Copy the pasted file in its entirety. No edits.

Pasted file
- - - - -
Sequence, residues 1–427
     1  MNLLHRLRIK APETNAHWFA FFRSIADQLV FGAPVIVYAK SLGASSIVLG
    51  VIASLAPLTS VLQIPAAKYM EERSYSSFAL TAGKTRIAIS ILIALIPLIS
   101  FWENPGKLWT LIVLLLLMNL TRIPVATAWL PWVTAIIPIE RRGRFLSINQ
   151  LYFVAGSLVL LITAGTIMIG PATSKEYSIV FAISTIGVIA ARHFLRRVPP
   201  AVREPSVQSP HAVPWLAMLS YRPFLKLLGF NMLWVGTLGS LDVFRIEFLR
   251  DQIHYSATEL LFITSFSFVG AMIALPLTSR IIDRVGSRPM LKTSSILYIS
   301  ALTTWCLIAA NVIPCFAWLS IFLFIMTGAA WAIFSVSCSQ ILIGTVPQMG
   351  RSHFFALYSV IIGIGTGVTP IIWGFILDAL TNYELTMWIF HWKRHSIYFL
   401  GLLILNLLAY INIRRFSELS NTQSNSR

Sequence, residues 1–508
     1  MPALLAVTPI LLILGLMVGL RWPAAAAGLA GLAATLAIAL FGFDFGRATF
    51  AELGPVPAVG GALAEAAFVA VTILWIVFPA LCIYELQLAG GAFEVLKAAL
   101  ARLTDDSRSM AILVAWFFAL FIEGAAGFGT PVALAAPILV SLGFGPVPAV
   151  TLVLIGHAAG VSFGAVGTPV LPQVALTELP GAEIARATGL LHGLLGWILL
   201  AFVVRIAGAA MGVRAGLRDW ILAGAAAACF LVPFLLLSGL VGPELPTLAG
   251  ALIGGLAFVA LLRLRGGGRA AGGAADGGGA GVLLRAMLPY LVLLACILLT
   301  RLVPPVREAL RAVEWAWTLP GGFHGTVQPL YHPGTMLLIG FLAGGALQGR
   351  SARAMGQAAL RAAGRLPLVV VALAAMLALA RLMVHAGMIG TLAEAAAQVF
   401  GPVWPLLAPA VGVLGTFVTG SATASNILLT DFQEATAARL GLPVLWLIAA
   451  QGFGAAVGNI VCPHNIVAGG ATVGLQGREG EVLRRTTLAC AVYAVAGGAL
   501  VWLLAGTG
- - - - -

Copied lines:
Sequence, residues 1–427
     1  MNLLHRLRIK APETNAHWFA FFRSIADQLV FGAPVIVYAK SLGASSIVLG
    51  VIASLAPLTS VLQIPAAKYM EERSYSSFAL TAGKTRIAIS ILIALIPLIS
   101  FWENPGKLWT LIVLLLLMNL TRIPVATAWL PWVTAIIPIE RRGRFLSINQ
   151  LYFVAGSLVL LITAGTIMIG PATSKEYSIV FAISTIGVIA ARHFLRRVPP
   201  AVREPSVQSP HAVPWLAMLS YRPFLKLLGF NMLWVGTLGS LDVFRIEFLR
   251  DQIHYSATEL LFITSFSFVG AMIALPLTSR IIDRVGSRPM LKTSSILYIS
   301  ALTTWCLIAA NVIPCFAWLS IFLFIMTGAA WAIFSVSCSQ ILIGTVPQMG
   351  RSHFFALYSV IIGIGTGVTP IIWGFILDAL TNYELTMWIF HWKRHSIYFL
   401  GLLILNLLAY INIRRFSELS NTQSNSR

Sequence, residues 1–508
     1  MPALLAVTPI LLILGLMVGL RWPAAAAGLA GLAATLAIAL FGFDFGRATF
    51  AELGPVPAVG GALAEAAFVA VTILWIVFPA LCIYELQLAG GAFEVLKAAL
   101  ARLTDDSRSM AILVAWFFAL FIEGAAGFGT PVALAAPILV SLGFGPVPAV
   151  TLVLIGHAAG VSFGAVGTPV LPQVALTELP GAEIARATGL LHGLLGWILL
   201  AFVVRIAGAA MGVRAGLRDW ILAGAAAACF LVPFLLLSGL VGPELPTLAG
   251  ALIGGLAFVA LLRLRGGGRA AGGAADGGGA GVLLRAMLPY LVLLACILLT
   301  RLVPPVREAL RAVEWAWTLP GGFHGTVQPL YHPGTMLLIG FLAGGALQGR
   351  SARAMGQAAL RAAGRLPLVV VALAAMLALA RLMVHAGMIG TLAEAAAQVF
   401  GPVWPLLAPA VGVLGTFVTG SATASNILLT DFQEATAARL GLPVLWLIAA
   451  QGFGAAVGNI VCPHNIVAGG ATVGLQGREG EVLRRTTLAC AVYAVAGGAL
   501  VWLLAGTG